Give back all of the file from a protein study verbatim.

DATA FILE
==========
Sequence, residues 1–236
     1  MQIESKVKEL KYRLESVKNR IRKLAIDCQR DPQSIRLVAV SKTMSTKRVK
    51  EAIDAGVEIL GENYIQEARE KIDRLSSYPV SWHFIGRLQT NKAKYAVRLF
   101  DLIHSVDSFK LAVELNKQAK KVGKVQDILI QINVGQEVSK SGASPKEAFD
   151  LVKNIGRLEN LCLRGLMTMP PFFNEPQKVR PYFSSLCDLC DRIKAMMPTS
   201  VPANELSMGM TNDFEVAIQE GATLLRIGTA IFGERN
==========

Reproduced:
Sequence, residues 1–236
     1  MQIESKVKEL KYRLESVKNR IRKLAIDCQR DPQSIRLVAV SKTMSTKRVK
    51  EAIDAGVEIL GENYIQEARE KIDRLSSYPV SWHFIGRLQT NKAKYAVRLF
   101  DLIHSVDSFK LAVELNKQAK KVGKVQDILI QINVGQEVSK SGASPKEAFD
   151  LVKNIGRLEN LCLRGLMTMP PFFNEPQKVR PYFSSLCDLC DRIKAMMPTS
   201  VPANELSMGM TNDFEVAIQE GATLLRIGTA IFGERN